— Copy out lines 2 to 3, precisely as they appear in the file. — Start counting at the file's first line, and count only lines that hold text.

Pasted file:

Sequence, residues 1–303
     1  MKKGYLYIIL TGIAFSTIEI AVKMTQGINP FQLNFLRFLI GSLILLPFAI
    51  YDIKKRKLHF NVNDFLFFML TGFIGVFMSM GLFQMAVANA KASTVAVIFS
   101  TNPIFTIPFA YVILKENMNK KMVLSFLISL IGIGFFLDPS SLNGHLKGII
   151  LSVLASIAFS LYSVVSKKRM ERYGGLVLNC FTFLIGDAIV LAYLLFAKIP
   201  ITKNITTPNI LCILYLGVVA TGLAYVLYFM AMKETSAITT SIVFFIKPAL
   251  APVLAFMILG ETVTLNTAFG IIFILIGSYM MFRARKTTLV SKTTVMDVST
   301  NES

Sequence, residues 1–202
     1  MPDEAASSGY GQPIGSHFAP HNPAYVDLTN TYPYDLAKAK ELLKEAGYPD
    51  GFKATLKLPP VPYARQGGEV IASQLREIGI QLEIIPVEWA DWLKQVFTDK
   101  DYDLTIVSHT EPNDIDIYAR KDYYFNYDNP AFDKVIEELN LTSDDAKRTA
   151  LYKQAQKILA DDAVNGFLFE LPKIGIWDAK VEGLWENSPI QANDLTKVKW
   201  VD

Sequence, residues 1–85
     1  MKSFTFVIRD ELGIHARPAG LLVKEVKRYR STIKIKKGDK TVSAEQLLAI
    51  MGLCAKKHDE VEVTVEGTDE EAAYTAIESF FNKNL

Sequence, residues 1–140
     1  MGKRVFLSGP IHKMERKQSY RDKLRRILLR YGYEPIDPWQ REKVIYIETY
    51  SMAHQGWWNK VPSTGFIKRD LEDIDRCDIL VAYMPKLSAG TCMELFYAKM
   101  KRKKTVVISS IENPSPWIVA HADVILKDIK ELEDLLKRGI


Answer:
     1  MKKGYLYIIL TGIAFSTIEI AVKMTQGINP FQLNFLRFLI GSLILLPFAI
    51  YDIKKRKLHF NVNDFLFFML TGFIGVFMSM GLFQMAVANA KASTVAVIFS